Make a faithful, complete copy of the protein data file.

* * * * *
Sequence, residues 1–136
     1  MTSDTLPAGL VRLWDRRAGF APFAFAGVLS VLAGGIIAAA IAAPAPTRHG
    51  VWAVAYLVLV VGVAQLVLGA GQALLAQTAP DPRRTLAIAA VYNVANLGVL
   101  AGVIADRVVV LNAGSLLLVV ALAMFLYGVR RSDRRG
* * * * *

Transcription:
Sequence, residues 1–136
     1  MTSDTLPAGL VRLWDRRAGF APFAFAGVLS VLAGGIIAAA IAAPAPTRHG
    51  VWAVAYLVLV VGVAQLVLGA GQALLAQTAP DPRRTLAIAA VYNVANLGVL
   101  AGVIADRVVV LNAGSLLLVV ALAMFLYGVR RSDRRG